Au Revoir, Les Enfants contains themes similar to other Holocaust films, though they are less directed and explicit.

One theme is that understanding is important. Julien becomes friends with Jean, even though all the other boys make fun of him. Though Julien goes to a fiercely Catholic school he does not care at all that Jean is actually Jewish and is only surprised when he finds out Jean's secrets.

Another theme is the fragile power of innocence and its destruction. Julien is completely naive of the outside world. At one point in the film, he asks his brother what a Jew is, to which his Francois replies, "Someone who doesn't eat pork." It is through Julien's innocence that he is able to not care about Jean being Jewish, even though that is one of the main concerns of the war and Hitler's Germany. Ultimately this fragile innocence is destroyed when Jean and the other Jewish boys along with the headmaster Pere Jean are taken away.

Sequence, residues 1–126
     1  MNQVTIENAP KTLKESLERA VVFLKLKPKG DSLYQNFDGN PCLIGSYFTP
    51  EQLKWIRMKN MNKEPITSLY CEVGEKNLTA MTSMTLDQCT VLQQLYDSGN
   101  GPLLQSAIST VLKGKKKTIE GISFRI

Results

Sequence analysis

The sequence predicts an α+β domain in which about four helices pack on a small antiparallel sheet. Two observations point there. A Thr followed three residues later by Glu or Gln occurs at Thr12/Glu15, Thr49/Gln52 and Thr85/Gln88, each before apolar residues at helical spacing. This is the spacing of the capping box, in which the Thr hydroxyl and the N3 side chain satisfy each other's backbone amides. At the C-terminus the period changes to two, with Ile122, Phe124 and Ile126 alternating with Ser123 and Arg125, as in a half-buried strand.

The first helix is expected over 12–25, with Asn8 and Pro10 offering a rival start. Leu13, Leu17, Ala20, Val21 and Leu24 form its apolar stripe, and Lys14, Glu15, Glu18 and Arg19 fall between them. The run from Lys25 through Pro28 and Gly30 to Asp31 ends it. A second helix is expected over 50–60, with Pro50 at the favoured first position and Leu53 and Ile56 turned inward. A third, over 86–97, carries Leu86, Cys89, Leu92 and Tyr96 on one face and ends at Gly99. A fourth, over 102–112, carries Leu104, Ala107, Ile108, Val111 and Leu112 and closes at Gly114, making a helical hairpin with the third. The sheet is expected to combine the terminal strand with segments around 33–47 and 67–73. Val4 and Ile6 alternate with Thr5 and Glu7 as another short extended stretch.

Another theme is the absurdity of the war. When Julien asks Francois why everyone hates the Jews, Francois replies that "they're smarter than us, and they crucified Christ" to which Julien replies, "No they didn't, the Romans did". Through this small exchange the audience can see the absurdity and groundlessness of the whole war. Also, when the Quentin family is out eating, a French collaborator tries to get an elderly rich Jew to leave, even though he has eaten at that restaurant every day. People who were once respected are now hated and in this light the hatred seems almost silly.

Louis Malle does not give a concrete message to the audience. Most of the film is frivolous, with the story revolving around the daily lives of the children at the boarding school. Only the climax, where the children are arrested, seems to have any "weight". Though one obviously feels bad for the Jewish children and the headmaster who tried to save them, the audience can also see Joseph's point that one has to do what one must to survive (as he says, "Stop being so pious...there's a war going on"). Thus Malle leaves the audience in a grey area. He makes an eloquent statement at the end however when the adult Julien comments that he will never forget the events of that day no matter how long he lives.